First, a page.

Cost-saving strategies: As a Marriott Bonvoy Category 6 hotel going for less than $300 a night, I would save the Marriott Bonvoy points. Instead, wait for a Marriott gift card promotion to save an additional 15–20% off, or for an Amex Offer on the Canadian- or US-issued Bonvoy cards:

Book Marriott Hotels

If you’re booking a Marriott hotel, consider making your booking through the Prince of Travel affiliate link, which helps to support the website.

Click here to book Marriott hotels.

The hotel is also quite good at giving out decent upgrades even if you don’t have Platinum or Titanium status. I had friends who were upgraded from a basic guest room to a one-bedroom bi-level loft with two queen beds, a sofa bed, two bathrooms, a small dining area, and a balcony.

It’s not as big as the Hospitality Suite, but can easily accommodate six guests. When I return next, this may be my room of choice, unless I travel with my extended family, in which case the Hospitality Suite wins with its huge dining and seating area.


  • Enjoy the amenities located on property as mentioned above
  • Hiking: There are many trails in the area, but to be honest, we didn’t venture out much as there was enough to do onsite and we wanted to spend our last couple of days just chilling. 
  • Boundary Ranch: This ranch, located just 30 minutes from Kananaskis Village, provides guided horseback riding tours on trails around the area that are suitable for kids aged 6 and up. The trail rides start from one hour in duration. There may also be a chance to see some wildlife along the way, including passing by their buffalo padlock. 
  • Any of the activities listed in Canmore are also doable, given that they’re all within the same region.


My kids are not lovers of the great outdoors by any stretch, but they really enjoyed our trip to Alberta.

Many indoor attractions and amenities are closed right now, and even as restrictions are lifted, some will probably will remain closed for the summer. But that’s the great part of being in this part of Alberta – there’s so much to see and do outdoors!

For the kids, it’s a great opportunity to let them enjoy nature at its finest and take a much-needed break from those screens they’ve now grown so accustomed to. For us adults, it’s amazing what a little fresh air and change of scenery can do for one’s well-being.   

That being said, perhaps you’re not quite ready to travel yet, or the high cost of accommodation has you thinking twice. If this is a factor for you, consider travelling in the shoulder seasons of May/June or September/October, when costs are more reasonable and there is still beautiful weather and plenty to do.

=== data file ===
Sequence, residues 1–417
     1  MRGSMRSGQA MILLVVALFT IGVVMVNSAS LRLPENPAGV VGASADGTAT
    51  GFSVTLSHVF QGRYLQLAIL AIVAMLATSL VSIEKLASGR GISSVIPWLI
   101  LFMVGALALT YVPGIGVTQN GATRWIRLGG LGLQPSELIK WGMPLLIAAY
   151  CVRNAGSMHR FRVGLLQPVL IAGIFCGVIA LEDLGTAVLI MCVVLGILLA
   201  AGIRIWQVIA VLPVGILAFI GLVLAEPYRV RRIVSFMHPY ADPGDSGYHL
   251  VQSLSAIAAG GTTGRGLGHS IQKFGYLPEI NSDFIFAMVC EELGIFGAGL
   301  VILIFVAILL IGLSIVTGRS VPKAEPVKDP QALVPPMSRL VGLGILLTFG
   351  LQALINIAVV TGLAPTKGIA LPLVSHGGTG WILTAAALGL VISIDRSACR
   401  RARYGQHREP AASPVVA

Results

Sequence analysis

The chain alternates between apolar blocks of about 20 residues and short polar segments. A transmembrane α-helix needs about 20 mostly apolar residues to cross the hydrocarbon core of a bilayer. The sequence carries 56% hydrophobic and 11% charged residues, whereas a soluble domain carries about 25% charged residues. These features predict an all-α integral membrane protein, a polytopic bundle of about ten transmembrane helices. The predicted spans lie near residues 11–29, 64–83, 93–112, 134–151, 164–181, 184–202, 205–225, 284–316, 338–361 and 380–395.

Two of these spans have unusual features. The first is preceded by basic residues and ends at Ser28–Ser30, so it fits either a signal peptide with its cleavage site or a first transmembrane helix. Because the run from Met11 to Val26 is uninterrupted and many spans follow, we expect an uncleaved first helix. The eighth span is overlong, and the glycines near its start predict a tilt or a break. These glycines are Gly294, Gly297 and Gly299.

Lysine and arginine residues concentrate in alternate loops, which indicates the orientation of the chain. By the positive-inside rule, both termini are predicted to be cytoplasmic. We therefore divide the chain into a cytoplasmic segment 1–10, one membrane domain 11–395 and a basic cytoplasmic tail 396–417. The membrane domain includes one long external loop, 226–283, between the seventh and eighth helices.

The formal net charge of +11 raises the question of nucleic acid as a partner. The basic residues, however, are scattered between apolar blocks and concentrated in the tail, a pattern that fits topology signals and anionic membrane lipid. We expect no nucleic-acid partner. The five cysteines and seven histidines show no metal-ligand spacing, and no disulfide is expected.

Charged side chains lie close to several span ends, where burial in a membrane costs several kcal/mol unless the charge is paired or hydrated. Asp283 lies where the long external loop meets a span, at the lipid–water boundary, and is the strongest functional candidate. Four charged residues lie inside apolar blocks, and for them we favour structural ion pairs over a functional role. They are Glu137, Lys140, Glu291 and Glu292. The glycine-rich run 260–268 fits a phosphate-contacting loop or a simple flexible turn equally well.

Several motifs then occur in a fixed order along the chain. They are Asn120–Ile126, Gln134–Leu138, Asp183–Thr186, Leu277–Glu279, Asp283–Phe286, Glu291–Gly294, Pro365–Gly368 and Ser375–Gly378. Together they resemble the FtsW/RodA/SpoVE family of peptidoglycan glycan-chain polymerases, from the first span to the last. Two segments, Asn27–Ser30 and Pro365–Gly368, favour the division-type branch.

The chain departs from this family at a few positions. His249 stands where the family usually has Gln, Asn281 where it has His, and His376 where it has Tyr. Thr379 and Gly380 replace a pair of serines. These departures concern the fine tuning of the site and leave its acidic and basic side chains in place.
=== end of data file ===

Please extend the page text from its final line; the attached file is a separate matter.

As iconic as the Fairmont properties are to Lake Louise and Banff, I would opt to stay elsewhere unless they run another 2-for-1 promotion. Staying further out, you’ll find more cost-friendly options. If you’ve stayed at any good properties in the past, please feel free to share them below in the comments. 

With such beautiful landscapes right on our doorstep, here’s hoping that we continue to see COVID-19 cases decline across the country and a safe return to travel in the coming months – at least domestically for now. 

  1. Sam

    Kudos on the upgrade to the hospitality suite, but not sure how you managed it?

    Slightly bizarrely, the max occupancy for that suite (and the executive suite!) is 2!

  2. L Lau

    P.S. You will need to pay $15 per day and register your car’s license plate online if you are going to park in Kananaskis.

  3. L Lau

    +1 re: MK’s comment about Parker’s Ridge that will allow you to see Saskatchewan glacier (not visible from the hightway). Wilcox Pass will also give you a nice view of the Athabasca Glacier (visible from the highway).
    As well, this year, Parks Canada has implemented paid parking at Lake Louise. There is also a paid shuttle to Lake Louise and Moraine Lake. You can reserve a spot on the shuttle via Parks Canada website.
    Lastly, Johnson Canyon is not accessible by private car (again) this year although the highway is now a lovely place to bike. You can reach Johnson Canyon by public bus (called ROAM) from Banff townsite.

  4. mkhan056

    Got a bit nostalgic reading this one.

    One tip to add – if anyone wants views of the actual Columbia Icefield, and not one of its glaciers, then stop for the Parker’s Ridge hike. Its relatively short.. maybe an hour to 1.5 hour to the top of the ridge, and incredible icefield views.

    1. Amy YYZ

      Thanks MK for that tip! Will have to check it out next time we go. When we went, the trails up there were still closed given it was still snowy.

  5. Oz

    Gosh this is a continuation of the win from part 1! Okay next spring I’m fitting in Lake Louise along with extended family trip in Vancouver. So many good tips with the various gift card options along with the many perks and activities with each place. Double salute 👏

Your email address will not be published. Required fields are marked *

Have an Account? Click here to Login